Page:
The ailing domestic film exhibition business has been reaping benefits of south Indian cinemas since earlier this year. The Pongal weekend had brought cheer for the movie box office with Tamil superstar Vijay’s film Master notching up Rs100 crore in an extended weekend
NEW DELHI: Telugu sports drama A1 Express, released last Friday, grossed around Rs5 crore in its opening weekend, and is on its way to break even, according to trade website andhraboxoffice.com. The movie builds on the success of Telugu film Uppena which had indicated the start of recovery led by movies from down south with the reopening of cinemas.
Directed by Dennis Jeevan Kanukolanu, A1 Express features Sundeep Kishan and Lavanya Tripathi in lead roles. A remake of the Tamil film Natpe Thunai (2019), it deals with issues of corruption and nepotism in sports.
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The ailing domestic film exhibition business has been reaping benefits of south Indian movies since earlier this year. The Pongal weekend had brought cheer for the movie box office with Tamil superstar Vijay’s film Master notching up Rs100 crore in an extended weekend. The actor’s home territory, Tamil Nadu led the way with opening day earnings of Rs20.50 crore. In fact, Master’s Rs35 crore first-day collections were the seventh highest ever for a film made in the south Indian language after Baahubali - The Conclusion, Saaho, 2.0, Sye Raa Narasimha Reddy, Kabali and Baahubali - The Beginning.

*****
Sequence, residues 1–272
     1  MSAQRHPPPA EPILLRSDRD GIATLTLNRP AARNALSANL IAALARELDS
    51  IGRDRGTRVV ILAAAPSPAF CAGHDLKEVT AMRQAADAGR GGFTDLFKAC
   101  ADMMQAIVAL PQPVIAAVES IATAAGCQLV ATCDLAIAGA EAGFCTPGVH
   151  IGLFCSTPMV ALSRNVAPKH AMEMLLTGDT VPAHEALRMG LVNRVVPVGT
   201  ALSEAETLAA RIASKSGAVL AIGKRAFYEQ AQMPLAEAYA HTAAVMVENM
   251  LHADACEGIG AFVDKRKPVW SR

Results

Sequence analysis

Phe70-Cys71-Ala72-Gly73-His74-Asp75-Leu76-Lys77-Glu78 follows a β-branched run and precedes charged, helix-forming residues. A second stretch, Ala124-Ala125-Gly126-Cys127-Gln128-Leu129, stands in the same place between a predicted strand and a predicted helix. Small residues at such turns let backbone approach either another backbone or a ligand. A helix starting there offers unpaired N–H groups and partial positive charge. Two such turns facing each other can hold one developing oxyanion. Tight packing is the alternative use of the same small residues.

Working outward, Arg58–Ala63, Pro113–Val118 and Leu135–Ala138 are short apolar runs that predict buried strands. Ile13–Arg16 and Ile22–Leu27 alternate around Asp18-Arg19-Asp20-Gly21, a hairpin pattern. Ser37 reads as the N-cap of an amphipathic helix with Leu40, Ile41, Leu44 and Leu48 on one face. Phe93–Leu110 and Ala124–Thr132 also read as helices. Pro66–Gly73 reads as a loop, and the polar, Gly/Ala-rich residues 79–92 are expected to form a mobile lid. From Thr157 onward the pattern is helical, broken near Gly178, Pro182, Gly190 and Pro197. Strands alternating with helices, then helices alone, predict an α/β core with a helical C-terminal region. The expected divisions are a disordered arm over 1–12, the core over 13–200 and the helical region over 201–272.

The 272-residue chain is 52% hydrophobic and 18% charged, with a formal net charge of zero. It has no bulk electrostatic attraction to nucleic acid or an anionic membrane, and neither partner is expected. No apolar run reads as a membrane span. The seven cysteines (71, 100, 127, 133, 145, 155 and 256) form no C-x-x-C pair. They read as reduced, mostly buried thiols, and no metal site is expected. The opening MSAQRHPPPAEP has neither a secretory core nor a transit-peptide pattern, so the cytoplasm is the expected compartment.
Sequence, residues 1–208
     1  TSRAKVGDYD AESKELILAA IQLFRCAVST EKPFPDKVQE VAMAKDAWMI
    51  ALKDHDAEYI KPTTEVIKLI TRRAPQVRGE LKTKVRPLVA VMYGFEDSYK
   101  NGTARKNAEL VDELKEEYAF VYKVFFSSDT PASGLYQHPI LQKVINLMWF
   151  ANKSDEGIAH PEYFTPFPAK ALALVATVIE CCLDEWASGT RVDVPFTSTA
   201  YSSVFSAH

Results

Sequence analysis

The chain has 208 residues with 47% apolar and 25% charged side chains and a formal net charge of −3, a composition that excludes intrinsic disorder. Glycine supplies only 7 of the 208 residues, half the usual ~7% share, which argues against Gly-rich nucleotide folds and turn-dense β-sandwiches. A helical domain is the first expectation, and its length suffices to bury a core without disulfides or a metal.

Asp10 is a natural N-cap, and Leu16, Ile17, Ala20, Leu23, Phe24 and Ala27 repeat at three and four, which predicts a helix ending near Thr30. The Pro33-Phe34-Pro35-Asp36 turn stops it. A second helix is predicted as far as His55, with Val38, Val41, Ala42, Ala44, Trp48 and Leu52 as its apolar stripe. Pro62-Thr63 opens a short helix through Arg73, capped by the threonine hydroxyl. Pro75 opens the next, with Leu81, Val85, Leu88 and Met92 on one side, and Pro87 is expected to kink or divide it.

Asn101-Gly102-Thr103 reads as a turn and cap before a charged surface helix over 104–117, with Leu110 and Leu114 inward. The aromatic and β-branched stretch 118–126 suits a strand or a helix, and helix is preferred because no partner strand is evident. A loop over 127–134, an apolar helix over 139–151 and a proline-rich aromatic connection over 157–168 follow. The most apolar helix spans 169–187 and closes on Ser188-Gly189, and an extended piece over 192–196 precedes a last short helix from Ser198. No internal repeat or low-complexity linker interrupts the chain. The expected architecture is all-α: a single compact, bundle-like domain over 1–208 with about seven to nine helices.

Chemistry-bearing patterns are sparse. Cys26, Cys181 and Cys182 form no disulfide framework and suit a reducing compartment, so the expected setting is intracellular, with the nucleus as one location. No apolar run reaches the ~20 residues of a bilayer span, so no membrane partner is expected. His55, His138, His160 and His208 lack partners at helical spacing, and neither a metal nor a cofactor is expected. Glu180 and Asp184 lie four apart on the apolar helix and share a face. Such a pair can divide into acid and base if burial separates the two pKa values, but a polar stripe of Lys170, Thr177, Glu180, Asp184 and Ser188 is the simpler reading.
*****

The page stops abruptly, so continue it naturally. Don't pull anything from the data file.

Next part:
“The results are extraordinary considering the pandemic and it shows that mass crowds are ready to come to theatres when there is something that appeals to them. The Tamil and Telugu markets are leading the way, they may not be performing to their optimum but films can be released (there) without the fear of not getting an audience," Box Office India had said in a blog on the opening of Master.
The other big Pongal release, Ravi Teja’s Telugu language film Krack, had also opened well, earning around Rs12.5 crore worldwide on its first day, making it the actor’s biggest opener so far. Several theatre owners in north India demanded that the film be dubbed in Hindi, to have some additional content available for showcasing.